Pence is comparable to Ross in another respect: He has another arbitration season and could cost the Giants about $13 million in 2013. Ross was arbitration-eligible in 2011, and after his postseason exploits the team had little choice but to give him a 40 percent raise to $6.3 million.

Taking on a sizable chunk of salary is often the case for a contender acquiring a player at the deadline, and the Yankees didn't hesitate at the chance to bring in …

7. Ichiro Suzuki from the Mariners despite his advanced age of 38 and declining slash line of .261/.288/.363 at the time of the deal. Paying $2.25 million of his $17 million salary was a sensible move given the season-ending elbow injury to speedy outfielder Brett Gardner. Ichiro's addition was similar to the Orioles bringing in Jim Thome to DH down the stretch: Future Hall-of-Fame veterans add gravitas as well as end-of-career production. They know this might be their last shot at an October run, so they care deeply. Hopefully, it rubs off.

As for Ichiro's batting-practice power some thought would translate into Johnny Damon-like homers into the short right-field porch at Yankee Stadium? Well, he belted two into the right-field stands Sunday. Ichiro is warming up in pinstripes, batting over .300 and hitting in 18 of 23 games since the July 23 deal.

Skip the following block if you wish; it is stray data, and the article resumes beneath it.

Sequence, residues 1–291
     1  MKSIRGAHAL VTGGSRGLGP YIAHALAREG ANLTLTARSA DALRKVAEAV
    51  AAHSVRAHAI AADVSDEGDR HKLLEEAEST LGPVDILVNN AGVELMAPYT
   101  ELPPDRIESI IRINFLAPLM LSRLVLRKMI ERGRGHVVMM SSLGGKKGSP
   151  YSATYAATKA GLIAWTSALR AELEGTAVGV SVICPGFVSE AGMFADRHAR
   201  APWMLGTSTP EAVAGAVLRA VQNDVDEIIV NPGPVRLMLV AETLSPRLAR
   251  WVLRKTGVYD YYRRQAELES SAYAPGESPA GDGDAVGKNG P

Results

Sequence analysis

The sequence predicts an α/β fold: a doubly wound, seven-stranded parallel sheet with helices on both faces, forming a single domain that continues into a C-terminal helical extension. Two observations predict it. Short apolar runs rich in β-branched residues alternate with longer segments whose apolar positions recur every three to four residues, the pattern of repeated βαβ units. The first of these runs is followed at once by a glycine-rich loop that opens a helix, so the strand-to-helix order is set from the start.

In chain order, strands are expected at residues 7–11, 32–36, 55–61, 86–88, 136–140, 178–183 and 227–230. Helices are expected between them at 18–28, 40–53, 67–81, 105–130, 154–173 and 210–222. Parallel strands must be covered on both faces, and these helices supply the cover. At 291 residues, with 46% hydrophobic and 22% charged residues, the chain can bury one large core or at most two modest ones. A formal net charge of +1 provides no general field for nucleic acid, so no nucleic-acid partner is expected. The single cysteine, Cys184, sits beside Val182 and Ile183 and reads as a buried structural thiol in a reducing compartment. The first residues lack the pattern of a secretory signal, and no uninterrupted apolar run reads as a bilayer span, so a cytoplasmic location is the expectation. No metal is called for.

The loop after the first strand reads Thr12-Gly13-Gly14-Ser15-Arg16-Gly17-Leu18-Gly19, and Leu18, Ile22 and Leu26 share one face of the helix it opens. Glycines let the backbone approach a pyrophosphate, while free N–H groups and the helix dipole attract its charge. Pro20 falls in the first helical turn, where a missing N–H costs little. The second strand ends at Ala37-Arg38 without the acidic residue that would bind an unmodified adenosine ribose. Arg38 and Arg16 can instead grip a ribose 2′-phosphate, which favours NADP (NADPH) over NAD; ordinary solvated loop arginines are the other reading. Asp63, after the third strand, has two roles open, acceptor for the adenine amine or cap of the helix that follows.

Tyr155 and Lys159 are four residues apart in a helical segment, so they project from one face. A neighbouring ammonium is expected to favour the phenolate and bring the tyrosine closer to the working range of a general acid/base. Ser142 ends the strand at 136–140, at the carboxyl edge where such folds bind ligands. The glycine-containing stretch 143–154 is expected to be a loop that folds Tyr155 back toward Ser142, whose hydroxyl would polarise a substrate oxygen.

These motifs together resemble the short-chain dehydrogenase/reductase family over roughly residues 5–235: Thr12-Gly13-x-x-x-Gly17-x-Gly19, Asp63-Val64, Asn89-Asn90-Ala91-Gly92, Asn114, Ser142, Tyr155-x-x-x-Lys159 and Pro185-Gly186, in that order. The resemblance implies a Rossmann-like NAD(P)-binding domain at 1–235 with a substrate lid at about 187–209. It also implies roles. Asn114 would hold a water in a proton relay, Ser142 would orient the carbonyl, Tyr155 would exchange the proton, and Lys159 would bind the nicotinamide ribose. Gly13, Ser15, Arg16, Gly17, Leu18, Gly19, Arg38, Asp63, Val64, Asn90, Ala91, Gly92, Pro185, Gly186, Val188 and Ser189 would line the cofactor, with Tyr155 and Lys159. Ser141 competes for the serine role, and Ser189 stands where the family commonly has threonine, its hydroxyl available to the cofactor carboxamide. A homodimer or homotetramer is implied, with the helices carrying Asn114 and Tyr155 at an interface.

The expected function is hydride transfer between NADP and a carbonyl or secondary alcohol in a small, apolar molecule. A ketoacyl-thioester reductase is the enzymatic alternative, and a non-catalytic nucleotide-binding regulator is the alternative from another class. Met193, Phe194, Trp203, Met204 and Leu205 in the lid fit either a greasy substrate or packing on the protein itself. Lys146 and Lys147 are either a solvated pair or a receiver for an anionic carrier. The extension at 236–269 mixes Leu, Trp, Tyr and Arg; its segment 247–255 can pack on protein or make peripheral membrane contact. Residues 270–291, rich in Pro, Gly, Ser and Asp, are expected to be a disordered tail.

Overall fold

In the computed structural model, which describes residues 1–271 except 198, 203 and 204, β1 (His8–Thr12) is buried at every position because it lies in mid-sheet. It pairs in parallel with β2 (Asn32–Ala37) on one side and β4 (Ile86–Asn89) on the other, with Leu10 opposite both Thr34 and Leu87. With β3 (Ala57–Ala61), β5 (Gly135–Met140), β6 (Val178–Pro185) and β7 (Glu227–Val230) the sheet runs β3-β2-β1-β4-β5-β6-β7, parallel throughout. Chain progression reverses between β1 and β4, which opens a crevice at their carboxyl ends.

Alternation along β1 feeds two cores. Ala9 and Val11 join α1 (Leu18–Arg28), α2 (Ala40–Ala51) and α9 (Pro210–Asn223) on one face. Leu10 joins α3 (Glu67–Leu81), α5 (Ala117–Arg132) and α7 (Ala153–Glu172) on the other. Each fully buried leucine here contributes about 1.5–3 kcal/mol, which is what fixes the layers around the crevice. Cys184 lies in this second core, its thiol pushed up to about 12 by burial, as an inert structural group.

Hitting at the bottom of the batting order and filling in at all three outfield positions, Ichiro has a real shot at his first World Series since coming to the U.S. from Japan in 2001. And he's not the only Suzuki motivated by a change of scenery: …

8. Kurt Suzuki went from the surprising A's to the even more surprising Nationals, who sought a veteran catcher with Wilson Ramos on the disabled list. Changing teams midseason is perhaps toughest for a catcher because he has to take a crash course in the nuances of every pitcher on his new staff. The learning curve was compounded for Suzuki, who changed leagues as well.

"You can do all the studying you want but you have to go out there and catch a guy to really understand him," he said. "I'm learning the opposing hitters as well. Every day you're learning. It's all crammed into each day and there's not enough time. It's a mental challenge."